The Kinnard family started farming 80 acres in Kewaunee County in 1948, milking 14 cows. Over the years, the operation has grown dramatically, and so has the amount of manure the farm spreads on the landscape.
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Today the Kinnard farm is one of Wisconsin’s largest CAFOS, or concentrated animal feeding operations. Kinnard is home to about 8,000 cows. They produce an estimated 103 million gallons of manure each year that’s spread out on 16,000 acres of land.

The farm could become even larger, nearly doubling the herd, pending permit changes the Department of Natural Resources is considering.

The permit review is part of a complicated case unfolding in a county that has long had drinking water issues.

Jodi Parins is concerned. She lives a few miles from the farm and says fellow Town of Lincoln residents have been grappling with contaminated private wells for years.

“In 2013, our groundwater was already in crisis mode at a 33% contamination rate,” Parins said. She testified at a recent DNR hearing about proposed changes to the Kinnard Farm permit.

Changes would include allowing more cows — up to twice as many. The farm would be required to monitor groundwater beneath some of the fields where it spreads manure, but the farm would not have to spell out its monitoring plan until after the permit approval.

Manure spreading is common, but regions like Kewaunee County are especially susceptible to groundwater contamination. The soils can be very shallow, and the bedrock beneath is fractured.

Pathogens from manure spread on fields with that geology, called karst, can quickly travel into and contaminate well water.

Parins accused the DNR of abdicating responsibility by considering the permit modifications.“The court has given you the go-ahead. Why wouldn’t you use the decision to actually protect our water instead of continuing to protect the polluters,” she said.

Parins referred to a state Supreme Court ruling handed down in July 2021. It came after years of concerns raised by Kewaunee County residents about the Kinnard farm’s impacts on groundwater.

The court said the DNR has the authority to cap the farm’s herd and put conditions on its pollutant discharges, manure and wastewater.

A November 2021 memo from the agency states, “Groundwater monitoring at the Kinnard production site shows persistent exceedances of groundwater quality standards for nitrate and bacteria.”

Tyler Dix is the DNR’s permit coordinator for CAFOS. Dix said the farm would only be allowed to expand “if they can demonstrate compliance with liquid storage capacity and nutrient management requirements.”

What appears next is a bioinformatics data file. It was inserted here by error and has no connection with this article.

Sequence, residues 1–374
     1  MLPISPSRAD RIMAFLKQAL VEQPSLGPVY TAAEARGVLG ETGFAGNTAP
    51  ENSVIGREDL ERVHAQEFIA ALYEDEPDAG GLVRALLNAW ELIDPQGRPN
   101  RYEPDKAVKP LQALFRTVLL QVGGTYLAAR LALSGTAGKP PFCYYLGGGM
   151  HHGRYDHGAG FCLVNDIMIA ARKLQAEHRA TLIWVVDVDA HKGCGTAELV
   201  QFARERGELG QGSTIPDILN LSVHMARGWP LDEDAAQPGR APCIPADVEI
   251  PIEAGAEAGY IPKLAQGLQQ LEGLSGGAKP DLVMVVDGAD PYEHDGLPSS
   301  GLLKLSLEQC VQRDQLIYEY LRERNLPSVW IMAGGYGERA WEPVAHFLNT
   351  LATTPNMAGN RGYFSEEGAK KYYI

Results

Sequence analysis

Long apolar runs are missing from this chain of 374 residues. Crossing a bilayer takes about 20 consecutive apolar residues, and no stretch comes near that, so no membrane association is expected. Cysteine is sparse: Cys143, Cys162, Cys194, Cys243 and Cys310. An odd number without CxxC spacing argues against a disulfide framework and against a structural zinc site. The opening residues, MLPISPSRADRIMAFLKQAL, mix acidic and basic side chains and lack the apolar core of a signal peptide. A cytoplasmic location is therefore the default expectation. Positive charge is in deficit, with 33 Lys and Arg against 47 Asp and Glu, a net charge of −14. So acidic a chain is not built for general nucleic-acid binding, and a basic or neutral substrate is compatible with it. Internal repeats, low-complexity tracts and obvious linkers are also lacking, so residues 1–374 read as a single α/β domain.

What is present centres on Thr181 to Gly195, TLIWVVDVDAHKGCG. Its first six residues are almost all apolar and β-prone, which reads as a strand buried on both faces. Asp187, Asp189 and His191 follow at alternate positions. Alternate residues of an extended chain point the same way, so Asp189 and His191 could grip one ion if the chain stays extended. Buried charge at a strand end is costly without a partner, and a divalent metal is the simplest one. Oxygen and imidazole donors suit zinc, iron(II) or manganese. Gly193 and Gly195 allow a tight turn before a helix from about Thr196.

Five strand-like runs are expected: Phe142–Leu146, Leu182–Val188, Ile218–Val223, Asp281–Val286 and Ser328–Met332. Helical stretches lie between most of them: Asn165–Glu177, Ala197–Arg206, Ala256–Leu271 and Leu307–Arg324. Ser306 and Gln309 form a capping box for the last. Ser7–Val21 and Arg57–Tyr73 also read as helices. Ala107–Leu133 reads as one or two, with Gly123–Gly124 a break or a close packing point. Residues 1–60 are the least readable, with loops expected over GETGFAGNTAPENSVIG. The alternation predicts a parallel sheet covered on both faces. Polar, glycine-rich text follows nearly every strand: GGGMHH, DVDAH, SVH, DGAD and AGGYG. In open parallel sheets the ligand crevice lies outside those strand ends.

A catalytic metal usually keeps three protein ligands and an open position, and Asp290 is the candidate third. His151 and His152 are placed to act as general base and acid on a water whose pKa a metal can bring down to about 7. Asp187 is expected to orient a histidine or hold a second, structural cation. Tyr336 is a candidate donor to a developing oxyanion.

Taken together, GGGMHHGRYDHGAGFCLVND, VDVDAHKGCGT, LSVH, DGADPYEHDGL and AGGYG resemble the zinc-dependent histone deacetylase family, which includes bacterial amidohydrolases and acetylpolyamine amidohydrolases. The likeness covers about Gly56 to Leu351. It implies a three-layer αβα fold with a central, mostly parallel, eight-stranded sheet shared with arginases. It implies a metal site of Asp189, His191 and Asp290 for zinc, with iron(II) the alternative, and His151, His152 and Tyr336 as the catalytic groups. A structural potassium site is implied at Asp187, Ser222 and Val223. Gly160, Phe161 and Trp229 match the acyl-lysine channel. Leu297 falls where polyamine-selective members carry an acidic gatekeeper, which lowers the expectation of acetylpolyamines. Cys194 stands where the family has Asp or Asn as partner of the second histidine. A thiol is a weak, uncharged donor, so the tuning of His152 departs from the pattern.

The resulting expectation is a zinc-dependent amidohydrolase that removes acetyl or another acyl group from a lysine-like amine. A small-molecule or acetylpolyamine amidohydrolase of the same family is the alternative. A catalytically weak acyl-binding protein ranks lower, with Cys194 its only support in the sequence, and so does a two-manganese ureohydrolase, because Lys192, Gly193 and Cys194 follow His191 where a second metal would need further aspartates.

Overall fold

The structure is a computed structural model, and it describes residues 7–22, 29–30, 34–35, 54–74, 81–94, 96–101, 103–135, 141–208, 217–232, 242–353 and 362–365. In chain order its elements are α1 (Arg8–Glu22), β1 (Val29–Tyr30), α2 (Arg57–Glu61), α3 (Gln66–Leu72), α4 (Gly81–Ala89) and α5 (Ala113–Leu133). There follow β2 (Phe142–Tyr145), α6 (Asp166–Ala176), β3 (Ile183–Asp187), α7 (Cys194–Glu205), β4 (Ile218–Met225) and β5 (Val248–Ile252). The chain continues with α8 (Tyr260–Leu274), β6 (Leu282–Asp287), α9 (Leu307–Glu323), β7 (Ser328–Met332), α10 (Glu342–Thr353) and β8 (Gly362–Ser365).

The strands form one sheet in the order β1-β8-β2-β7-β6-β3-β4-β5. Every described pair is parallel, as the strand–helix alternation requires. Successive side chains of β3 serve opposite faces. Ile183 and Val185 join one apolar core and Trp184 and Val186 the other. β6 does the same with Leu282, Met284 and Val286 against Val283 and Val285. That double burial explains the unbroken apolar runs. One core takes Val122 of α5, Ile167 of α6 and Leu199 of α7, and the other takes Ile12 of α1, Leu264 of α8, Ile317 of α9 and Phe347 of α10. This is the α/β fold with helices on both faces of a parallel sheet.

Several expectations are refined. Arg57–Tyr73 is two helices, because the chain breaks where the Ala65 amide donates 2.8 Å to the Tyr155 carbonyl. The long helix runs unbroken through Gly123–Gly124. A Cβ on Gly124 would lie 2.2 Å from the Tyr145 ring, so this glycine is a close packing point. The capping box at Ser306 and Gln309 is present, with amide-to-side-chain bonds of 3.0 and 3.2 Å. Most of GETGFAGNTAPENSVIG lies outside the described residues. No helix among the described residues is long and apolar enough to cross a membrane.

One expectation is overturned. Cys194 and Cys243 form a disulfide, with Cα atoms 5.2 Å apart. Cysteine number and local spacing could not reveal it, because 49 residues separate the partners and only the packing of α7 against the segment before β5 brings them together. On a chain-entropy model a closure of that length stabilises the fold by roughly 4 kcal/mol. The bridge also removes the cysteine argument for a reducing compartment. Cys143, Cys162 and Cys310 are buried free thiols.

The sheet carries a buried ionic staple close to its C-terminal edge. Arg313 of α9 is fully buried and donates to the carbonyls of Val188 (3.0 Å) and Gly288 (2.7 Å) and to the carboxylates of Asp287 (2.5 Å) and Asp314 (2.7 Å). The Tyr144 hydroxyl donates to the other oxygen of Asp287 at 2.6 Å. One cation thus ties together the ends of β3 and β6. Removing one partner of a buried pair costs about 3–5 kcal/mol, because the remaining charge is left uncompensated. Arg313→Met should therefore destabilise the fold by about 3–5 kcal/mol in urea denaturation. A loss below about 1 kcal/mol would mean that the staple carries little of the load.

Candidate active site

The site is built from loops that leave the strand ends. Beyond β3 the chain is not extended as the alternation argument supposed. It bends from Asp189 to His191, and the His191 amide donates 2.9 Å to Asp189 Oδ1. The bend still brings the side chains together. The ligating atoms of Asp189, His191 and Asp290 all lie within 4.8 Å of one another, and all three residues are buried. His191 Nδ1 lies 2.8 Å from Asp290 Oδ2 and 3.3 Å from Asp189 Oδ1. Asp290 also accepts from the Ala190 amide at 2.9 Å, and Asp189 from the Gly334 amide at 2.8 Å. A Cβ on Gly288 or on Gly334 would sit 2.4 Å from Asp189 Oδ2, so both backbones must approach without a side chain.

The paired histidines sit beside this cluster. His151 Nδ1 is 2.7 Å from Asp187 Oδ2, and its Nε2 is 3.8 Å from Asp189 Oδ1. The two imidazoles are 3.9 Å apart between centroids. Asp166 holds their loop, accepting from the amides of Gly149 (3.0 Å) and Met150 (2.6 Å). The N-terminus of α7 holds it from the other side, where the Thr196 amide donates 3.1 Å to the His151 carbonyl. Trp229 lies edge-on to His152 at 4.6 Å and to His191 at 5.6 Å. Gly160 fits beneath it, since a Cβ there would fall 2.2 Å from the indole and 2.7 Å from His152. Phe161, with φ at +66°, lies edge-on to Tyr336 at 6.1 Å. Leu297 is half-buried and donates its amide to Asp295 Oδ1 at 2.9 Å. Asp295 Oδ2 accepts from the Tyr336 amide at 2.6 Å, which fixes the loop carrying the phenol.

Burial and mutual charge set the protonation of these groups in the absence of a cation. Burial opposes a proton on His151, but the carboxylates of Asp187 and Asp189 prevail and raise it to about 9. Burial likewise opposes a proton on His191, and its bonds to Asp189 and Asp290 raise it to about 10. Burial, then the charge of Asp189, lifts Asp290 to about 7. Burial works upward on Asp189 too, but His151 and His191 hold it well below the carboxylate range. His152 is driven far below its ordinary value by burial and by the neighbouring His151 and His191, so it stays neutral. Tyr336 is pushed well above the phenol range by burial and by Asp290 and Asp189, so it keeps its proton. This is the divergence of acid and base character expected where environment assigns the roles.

Dix added, “To be perfectly clear, we have not received any sort of application to actually add animal units at this time.”

To be clear, Kinnard’s is not the only CAFO in the Town of Lincoln as there are several along with more than a dozen smaller farms.

Locations of CAFOs in Wisconsin as of January 2017.png

In 2021, the township completed a 73-page groundwater and surface water protection report. It states, “75% of Lincoln Township lands are inappropriate for the spreading of liquid manure, agriculture wastewater, municipal waste and whey in the manner in which they have been applied in the past.”

Jesse Jerabek said his concern for his community stretches beyond his own contaminated well. Jerabek is Lincoln’s town chairman.

“I think permitting or allowing an expansion … without first requiring a comprehensive monitoring plan and confirming the potential impact to our drinking water is simply negligent on the part of the DNR. I would be negligent if I did not personally go on record against these modifications as currently written,” he said.

People outside Kewaunee County spoke at the hearing, including Edie Ehlert. “I live in southwest Wisconsin. We have the karst geology issues and we have a permit here that you’re looking now for a large hog CAFO here. We are looking at this permit as being frightening,” Ehlert said.

“We have a CAFO proposed on the Polk / Burnett County border,”Polk County supervisor Amy Middleton said. “Polk County is home to 437 lakes and the St. Croix River, which is the nation’s first wild and scenic river.”

Middleton called the proposed Kinnard permit changes precedent setting. “We need to get the water testing correct. We need a robust baseline and ongoing groundwater testing program to be included in this permit. The rest of the state is watching, and I wanted to relay to you that citizens are asking for this water protection at all levels of government and at all corners of Wisconsin,” Middleton said.

WUWM reached out to Kinnard Farm but did not receive a comment or interview for this story. But the farm touts its stewardship of the land on the company’s website. There’s a statement that says although the farm has grown and changed over the years, “the family’s passion for the animals and commitment to caring for the environment has not.”

In a video, Lee Kinnard states, “Our goal, as a family, has been to always leave the land in a condition better than it was in which we found it.”

The deadline for public comment on the Kinnard permit was Tuesday. Now the issue is in the hands of the DNR.

The proposed effective date of the modified permit is Feb. 1, but DNR CAFO permit coordinator Tyler Dix said given the magnitude of comments the DNR has received, the date may be pushed back.

The ACCC was due to present its final findings on the proposed acquisition on September 14, but eastAUSmilk said it had delayed the report indefinitely, pending receipt of further information from the parties involved (Coles and Saputo).

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